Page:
re: basement humidity (do i need dehumidifier and, if so, would this setup work well)
12 jul 2005
>> jay wrote:
>>>...i can keep the basement's humdiity level below 60% as long as i leave
>>>the blower motor on the furnace/ac system turned on all the time. this
>>>causes some of the basement air to circulate throughout the rest of the
>>>house (with the rest of the house still having humidity below 50%). would
>>>i be better off with a dehumidifier rather than leaving the blower motor
>>>on all summer?
>>a dehumidifier would add significant heat to the house in summertime...
>...am i right in interpreting that you are basically saying that
>a dehumidifier is going to be relatively helpless against a cold slab
>with warm, humid outside air?
it would work, if the air leakage is not too large. for instance, if c cfm
of outdoor air with wo = 0.0134 pounds of water per pound of dry air leaks
into a 55f 60% rh wb = 0.0051 baltimore basement on an average july day,
a 40 pint per day dehum could keep up as long as 24hx60c0.075(wo-wb) < 40,
ie c < 45 cfm, or more, if the dehumidifier and the incoming air warm the
basement, but that uses lots of electricity and makes lots of heat, about
1.6x40x1000 = 64k btu/day. you might run a 5k btu/h window ac 13 hours per
day to remove all that heat :-)
it can be a lot more energy-efficient to use a fan to circulate air between
the basement and the house when the basement is humid, warming the basement
and cooling the house.
>(plus we have the added comlication of dampness (not puddles) seeping
>in during rainstorms?
maybe we can adjust the gutters and downspouts and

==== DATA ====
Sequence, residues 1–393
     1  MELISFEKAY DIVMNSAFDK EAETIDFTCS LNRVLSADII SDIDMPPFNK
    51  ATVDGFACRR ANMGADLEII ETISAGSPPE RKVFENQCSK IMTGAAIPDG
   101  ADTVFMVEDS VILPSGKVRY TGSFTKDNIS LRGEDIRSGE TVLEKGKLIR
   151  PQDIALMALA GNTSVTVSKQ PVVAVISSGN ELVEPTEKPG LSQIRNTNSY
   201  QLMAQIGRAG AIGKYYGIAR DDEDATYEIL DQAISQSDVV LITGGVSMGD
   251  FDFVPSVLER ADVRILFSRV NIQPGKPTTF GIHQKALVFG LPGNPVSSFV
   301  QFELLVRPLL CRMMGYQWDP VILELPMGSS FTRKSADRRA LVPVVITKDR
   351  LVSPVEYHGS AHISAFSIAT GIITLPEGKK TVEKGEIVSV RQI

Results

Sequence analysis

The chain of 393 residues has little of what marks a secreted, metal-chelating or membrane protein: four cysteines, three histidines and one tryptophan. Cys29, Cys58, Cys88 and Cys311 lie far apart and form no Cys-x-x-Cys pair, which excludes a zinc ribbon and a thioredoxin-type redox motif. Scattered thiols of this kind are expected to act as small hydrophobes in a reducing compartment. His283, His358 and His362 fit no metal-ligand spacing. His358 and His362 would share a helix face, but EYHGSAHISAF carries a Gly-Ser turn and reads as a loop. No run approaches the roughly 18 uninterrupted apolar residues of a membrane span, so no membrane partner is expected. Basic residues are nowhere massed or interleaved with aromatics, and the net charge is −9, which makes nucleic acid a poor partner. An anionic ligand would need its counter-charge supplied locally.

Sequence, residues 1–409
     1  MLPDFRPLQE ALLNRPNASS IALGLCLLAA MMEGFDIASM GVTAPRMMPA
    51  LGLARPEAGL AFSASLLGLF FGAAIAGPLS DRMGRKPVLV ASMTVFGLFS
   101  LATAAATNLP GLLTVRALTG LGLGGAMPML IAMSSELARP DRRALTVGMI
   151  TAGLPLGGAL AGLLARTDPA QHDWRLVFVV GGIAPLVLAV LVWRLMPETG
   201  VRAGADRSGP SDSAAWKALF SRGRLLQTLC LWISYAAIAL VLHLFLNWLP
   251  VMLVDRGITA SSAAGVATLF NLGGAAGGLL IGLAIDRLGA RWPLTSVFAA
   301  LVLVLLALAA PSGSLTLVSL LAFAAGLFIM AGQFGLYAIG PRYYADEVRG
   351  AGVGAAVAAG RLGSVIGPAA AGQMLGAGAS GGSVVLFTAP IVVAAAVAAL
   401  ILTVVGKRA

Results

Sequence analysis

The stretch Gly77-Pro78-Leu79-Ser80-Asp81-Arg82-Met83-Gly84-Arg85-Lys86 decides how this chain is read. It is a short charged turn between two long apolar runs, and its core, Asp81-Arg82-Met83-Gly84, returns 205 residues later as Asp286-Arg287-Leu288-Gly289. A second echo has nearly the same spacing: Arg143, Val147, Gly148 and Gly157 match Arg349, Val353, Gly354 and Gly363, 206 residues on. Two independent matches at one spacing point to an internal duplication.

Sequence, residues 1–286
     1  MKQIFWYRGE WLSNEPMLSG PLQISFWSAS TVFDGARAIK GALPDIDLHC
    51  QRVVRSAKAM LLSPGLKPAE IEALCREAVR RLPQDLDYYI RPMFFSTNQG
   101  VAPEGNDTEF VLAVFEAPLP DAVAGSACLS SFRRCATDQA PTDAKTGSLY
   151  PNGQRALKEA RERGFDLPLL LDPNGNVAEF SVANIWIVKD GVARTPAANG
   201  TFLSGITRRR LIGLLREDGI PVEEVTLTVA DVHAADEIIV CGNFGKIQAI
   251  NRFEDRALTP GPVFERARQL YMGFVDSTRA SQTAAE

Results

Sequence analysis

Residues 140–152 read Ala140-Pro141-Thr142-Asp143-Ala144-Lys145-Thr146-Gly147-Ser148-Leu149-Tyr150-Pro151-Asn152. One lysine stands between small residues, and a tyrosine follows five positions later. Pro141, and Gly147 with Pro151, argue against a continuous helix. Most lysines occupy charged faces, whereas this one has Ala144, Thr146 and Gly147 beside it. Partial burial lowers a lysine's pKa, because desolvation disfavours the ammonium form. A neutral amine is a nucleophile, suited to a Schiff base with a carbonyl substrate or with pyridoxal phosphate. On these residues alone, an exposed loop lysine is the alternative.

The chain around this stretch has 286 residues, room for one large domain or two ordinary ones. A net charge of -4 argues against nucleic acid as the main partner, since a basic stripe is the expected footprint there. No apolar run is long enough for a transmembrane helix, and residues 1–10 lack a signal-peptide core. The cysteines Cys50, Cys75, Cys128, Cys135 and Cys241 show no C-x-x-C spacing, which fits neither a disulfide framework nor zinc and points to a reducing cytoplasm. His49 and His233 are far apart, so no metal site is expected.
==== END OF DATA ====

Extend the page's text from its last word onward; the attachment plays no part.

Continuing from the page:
slope the soil away from the house to improve that.
>so if a large cold slab stores so much moisture...
the long term moisture content of concrete might be 5% of the rh
of the air surrounding it. concrete weighs about 150 lb/ft^3.
>...what is the best thing to do?
> - heat the slab?
maybe a little, in wintertime, by moving air from the basement floor up
into the house. a baltimore basement with 10 cfm of outdoor air leakage
might be 53 f in january, with pa = 29.921/(0.62198/0.0025+1) = 0.120 "hg
vs ps = e^(17.863-9621/(460+53) = 0.440 "hg at 100%, and 100pa/ps = 29%.
circulating some air between the house and the basement could lower that
and add desirable humidity to the house, with a little more heating fuel.
(unless the home is 100% solar-heated :-) outdoor air warmed to 70 f would
have 100pa/0.748 = 16% rh. a 4"x1000ft^2 50k pound slab can slowly store
(0.03-0.01)50k = 1000 pints of water as the rh of the basement air rises
from 20 to 60%.
> - circulate *in* hot air from outside (even if it is humid) to
> attempt to heat up the slab?
i don't think so, if it's more humid outside, in the absolute sense.